On March 23, 1775, Patrick Henry addressed fellow delegates at the second Virginia convention exclaiming “Give me liberty or give me death.” Citizens throughout the United States would write the same words on poster-boards 245 years later as protests sparked all over the nation regarding stay at home orders amidst the COVID-19 pandemic.
Midway through April, protests began all over the nation. Utah was no exception. Protests and counter-protest stemmed out of the shelter-in-place orders given cross country with protesters arguing their rights have been taken away by being forced inside.
“Of course the protests scare me. If people keep crowding together like this, the healthcare system is just going to get overwhelmed. We can’t control that and we don’t have the capacity to handle it either,” Charlotte May, a healthcare assistant at the University of Utah said. “Ultimately I’m mixed. I believe that people have the right to protest, and I understand they’re angry. However, it just feels like a big F you to healthcare workers. We’re taking on a lot and risking our lives every day people just don’t seem to care, it’s a very entitled thing to do in my opinion.”
May begins her shift by donning her personal protective equipment, and says that they are not receiving adequate equipment.
“We usually only get one, maybe two masks for a twelve-hour shift, if we’re lucky,” explained May. “We went from having six plus HCA’s on the floor to having three on a good day. I used to be in patients’ rooms all of the time, but now if I know a nurse is going into a room I’ll ask them to do that thing instead. Just to save PPE,” May said.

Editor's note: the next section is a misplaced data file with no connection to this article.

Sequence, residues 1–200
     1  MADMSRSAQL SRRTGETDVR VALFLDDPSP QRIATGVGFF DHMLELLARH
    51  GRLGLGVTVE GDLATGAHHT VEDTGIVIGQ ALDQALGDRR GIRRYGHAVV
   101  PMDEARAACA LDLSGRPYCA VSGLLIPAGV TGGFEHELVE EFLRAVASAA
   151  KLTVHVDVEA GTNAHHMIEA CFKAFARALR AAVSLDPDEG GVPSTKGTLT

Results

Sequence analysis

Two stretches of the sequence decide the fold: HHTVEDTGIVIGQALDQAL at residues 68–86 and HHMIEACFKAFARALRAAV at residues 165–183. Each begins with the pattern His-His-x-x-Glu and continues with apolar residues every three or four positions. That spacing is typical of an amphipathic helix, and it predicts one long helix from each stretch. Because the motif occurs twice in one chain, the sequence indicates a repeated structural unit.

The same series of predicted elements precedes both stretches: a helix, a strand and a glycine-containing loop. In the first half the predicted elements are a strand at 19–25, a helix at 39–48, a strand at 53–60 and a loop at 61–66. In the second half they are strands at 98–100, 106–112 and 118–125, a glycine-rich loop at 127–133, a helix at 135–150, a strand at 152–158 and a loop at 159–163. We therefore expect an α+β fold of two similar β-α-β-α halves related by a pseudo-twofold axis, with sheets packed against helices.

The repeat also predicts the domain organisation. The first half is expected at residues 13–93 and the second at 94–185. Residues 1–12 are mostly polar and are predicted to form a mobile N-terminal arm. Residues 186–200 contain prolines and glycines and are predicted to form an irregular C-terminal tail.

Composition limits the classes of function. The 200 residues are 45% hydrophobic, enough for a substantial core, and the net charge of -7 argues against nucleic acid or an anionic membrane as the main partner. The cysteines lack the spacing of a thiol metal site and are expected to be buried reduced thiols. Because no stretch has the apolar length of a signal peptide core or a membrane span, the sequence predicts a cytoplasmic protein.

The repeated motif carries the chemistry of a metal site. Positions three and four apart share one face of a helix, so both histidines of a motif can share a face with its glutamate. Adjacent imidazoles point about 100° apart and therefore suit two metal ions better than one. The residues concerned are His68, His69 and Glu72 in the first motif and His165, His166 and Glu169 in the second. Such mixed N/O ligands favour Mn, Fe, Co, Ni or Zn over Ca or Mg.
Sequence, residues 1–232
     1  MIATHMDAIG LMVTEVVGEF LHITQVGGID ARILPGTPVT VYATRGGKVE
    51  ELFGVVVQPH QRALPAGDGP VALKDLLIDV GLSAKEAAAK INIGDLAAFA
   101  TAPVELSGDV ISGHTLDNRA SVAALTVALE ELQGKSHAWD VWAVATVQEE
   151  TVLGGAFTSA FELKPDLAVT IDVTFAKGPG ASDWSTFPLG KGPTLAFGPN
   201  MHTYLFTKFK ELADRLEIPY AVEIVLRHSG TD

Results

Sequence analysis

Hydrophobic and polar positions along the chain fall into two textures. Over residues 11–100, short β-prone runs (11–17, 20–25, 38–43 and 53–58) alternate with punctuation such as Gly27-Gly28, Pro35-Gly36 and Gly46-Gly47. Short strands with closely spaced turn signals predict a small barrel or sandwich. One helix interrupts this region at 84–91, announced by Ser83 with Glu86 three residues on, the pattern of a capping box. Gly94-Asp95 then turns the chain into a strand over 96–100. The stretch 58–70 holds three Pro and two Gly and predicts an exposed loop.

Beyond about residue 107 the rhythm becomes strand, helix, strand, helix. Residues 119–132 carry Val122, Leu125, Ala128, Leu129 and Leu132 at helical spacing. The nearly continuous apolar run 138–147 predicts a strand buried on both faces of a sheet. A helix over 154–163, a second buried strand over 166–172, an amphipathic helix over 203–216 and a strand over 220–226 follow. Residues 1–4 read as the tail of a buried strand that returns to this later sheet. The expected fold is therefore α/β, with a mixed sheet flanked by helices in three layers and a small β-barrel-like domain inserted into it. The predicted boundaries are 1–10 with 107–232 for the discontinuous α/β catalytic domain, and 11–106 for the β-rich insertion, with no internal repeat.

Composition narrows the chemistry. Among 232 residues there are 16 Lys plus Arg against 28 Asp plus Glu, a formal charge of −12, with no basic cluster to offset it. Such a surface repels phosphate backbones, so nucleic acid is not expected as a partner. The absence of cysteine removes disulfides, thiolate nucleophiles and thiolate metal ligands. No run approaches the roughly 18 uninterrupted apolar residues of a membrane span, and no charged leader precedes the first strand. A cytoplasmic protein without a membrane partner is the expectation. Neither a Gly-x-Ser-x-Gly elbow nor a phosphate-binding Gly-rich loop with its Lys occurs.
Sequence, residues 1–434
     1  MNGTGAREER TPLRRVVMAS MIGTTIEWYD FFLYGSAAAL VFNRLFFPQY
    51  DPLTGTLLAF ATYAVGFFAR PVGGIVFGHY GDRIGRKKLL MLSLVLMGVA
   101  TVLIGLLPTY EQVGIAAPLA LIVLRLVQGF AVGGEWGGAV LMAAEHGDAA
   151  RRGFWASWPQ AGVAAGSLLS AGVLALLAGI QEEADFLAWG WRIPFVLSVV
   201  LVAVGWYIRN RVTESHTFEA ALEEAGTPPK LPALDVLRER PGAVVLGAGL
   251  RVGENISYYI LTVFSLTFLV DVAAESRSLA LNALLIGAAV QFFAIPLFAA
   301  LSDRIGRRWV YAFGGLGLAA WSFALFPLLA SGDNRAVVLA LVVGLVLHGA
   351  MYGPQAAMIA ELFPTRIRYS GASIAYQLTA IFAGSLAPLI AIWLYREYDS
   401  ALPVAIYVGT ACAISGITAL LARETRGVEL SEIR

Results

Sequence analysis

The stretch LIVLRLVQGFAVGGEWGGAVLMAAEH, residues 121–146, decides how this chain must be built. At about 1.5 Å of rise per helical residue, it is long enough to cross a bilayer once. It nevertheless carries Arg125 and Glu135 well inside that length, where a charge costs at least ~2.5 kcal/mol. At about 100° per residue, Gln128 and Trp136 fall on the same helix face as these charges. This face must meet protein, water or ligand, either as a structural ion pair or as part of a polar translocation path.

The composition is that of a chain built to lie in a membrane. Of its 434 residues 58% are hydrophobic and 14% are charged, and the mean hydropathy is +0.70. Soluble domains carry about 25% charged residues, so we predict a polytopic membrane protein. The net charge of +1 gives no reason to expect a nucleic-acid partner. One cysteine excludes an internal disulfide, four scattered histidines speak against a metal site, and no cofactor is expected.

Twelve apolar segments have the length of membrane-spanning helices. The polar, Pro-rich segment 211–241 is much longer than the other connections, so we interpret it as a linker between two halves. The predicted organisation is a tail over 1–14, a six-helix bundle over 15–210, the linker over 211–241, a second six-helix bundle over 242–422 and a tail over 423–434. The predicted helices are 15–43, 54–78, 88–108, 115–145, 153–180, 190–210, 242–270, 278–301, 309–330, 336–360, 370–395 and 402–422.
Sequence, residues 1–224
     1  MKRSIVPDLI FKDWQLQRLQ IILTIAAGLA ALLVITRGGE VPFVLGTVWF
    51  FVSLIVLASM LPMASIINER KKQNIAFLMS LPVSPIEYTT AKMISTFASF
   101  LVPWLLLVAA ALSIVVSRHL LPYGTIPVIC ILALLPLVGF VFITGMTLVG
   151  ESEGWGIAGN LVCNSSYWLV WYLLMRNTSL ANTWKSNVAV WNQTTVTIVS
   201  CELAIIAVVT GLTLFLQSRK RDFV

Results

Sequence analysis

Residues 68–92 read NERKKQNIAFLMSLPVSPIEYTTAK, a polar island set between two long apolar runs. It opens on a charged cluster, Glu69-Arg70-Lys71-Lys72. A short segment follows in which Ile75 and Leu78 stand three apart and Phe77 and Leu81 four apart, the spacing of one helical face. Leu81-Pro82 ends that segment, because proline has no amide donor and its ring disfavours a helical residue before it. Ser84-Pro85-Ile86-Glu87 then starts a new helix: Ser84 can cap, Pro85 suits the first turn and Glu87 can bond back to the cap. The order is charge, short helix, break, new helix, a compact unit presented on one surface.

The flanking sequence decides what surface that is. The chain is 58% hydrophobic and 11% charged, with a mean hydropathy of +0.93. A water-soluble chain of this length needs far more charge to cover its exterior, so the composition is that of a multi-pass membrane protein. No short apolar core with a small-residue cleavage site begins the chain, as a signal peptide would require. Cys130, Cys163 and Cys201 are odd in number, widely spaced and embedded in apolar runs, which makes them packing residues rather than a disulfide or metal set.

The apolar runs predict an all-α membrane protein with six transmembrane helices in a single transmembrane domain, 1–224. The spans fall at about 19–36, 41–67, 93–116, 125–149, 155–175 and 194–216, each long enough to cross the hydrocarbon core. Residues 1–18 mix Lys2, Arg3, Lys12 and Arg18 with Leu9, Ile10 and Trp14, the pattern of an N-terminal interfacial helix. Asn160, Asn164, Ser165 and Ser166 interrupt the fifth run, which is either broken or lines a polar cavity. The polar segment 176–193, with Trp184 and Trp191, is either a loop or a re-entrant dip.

Meanwhile, Julie Russel-Miller, a Labor and Delivery nurse and current nursing student, scrambles to complete her clinical hours and maintain regular working hours.
For both May and Russel-Miller, the struggle to maintain regular working hours and patient relationships is an ever-pressing issue during the pandemic.
“Prior to COVID I was in clinic 3 days a week, often working through lunch and sometimes getting called out for a delivery … I was either in the hospital or in clinic about 60 hours a week, now I’m lucky to get half of that … We are working fewer hours and seeing about 1/3 less patients. We aren’t seeing any patients for routine exams and patients that we can do Telehealth for we do that,” Russel-Miller said via email interview.
Contrary to May’s sentiments regarding the protests, Russel-Miller said she agrees with the protests.
“I think the measures taken were way over the top and I don’t know if our economy will ever recover. I think that we could have quarantined the vulnerable populations and been diligent about the usual things to prevent transmission of disease, and saved our economy,” she said.
Additionally, Russel-Miller expressed no fear regarding the protests.
“I think people have shown us gratitude and respect, I am not worried about the protestors,” Russel-Miller said.
May said she understands that it’s really frustrating to be out of work, they just want to make sure everyone is healthy and safe, and it needs to be taken seriously.
“No matter what action the government takes, people are going to be upset. No matter what the government does people are going to protest, ” May said.